This tile is one in a series which probably once formed a glittering inscriptional frieze encircling the walls of a 14th-century tomb pavilion located in Natanz, Iran. The cobalt-blue inscription is set against a field of scrolling vines, wherein tiny birds perch amongst leafy foliage, some alighting upon the letters themselves. The frieze likely sat close to eye level, permitting the intricacies of the tile's drawing to be admired, while crowning a dado of equally opulent star- and cross-shaped tiles.
Elegant calligraphy in thuluth script graces the central band of this large, intricately decorated tile. Executed in low relief, the cobalt-blue glazed inscription is set against a field of scrolling vines, where tiny birds perch among leafy foliage—some alighting upon the letters themselves.
The theme of birds in vegetation is continued in the smaller band above, which contains a series of confronted birds between small plantings. Appreciable both from a distance and upon closer examination, the bold, sweeping lines of calligraphy stand in sharp contrast to the detailed rendering of the inhabited background, finished in a gold luster glaze with touches of turquoise. This tile was probably one in a series that formed a glittering inscriptional frieze encircling the interior walls of a fourteenth-century tomb pavilion located in Natanz, Iran. The frieze sat close to eye level, crowning a dado of equally opulent star- and cross-shaped tiles. This tomb pavilion was erected in honor of Nur al- Din ‘Abd al-Samad, a shaikh of the Suhrawardiyya sufi order. Shortly after ‘Abd al-Samad’s death in about 1300 construction began on a tomb complex in his honor in Natanz, a city located a few miles north of Isfahan. The complex soon became a shrine that pilgrims visited to pay homage to the shaikh.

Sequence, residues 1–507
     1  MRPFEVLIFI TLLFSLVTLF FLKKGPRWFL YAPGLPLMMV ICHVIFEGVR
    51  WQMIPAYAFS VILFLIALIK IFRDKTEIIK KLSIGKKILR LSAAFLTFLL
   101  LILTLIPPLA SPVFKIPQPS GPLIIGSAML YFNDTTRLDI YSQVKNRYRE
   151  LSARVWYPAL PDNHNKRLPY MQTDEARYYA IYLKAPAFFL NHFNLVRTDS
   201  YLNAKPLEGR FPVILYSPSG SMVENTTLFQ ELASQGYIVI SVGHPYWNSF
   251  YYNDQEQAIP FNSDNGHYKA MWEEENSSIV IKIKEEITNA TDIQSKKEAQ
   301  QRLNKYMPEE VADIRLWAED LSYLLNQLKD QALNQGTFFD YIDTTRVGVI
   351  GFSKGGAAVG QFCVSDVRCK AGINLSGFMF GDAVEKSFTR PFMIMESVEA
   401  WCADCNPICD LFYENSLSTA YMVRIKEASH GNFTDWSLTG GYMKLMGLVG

Upon entering the tomb, a visitor would have encountered walls covered with carved stuccowork and luster-painted tiles, including this piece. Other similarly inscribed and decorated tiles, also attributed to ‘Abd al-Samad’s tomb pavilion, contain Qur’anic verses from Sura 76, passages that describe the rewards awaiting the worthy in Paradise. This tile, however, contains an Arabic inscription with the date A.H. 707, said to mark the year in which work was completed on the tomb.
Denise-Marie Teece (author) in [Ekhtiar, Soucek, Canby, and Haidar 2011]
Inscription: Inscription in Arabic in thuluth script:
شوا[ ل سنة سبع وسبعمایة[
[Shawwa]l of the year A.H. 707 [A.D. March 24–April 22, 1308]
Shrine of Nur al-Din 'Abd al-Samad at Natanz, Iran (from 1308)
Emile Rey, New York (until 1912; gifted to MMA)
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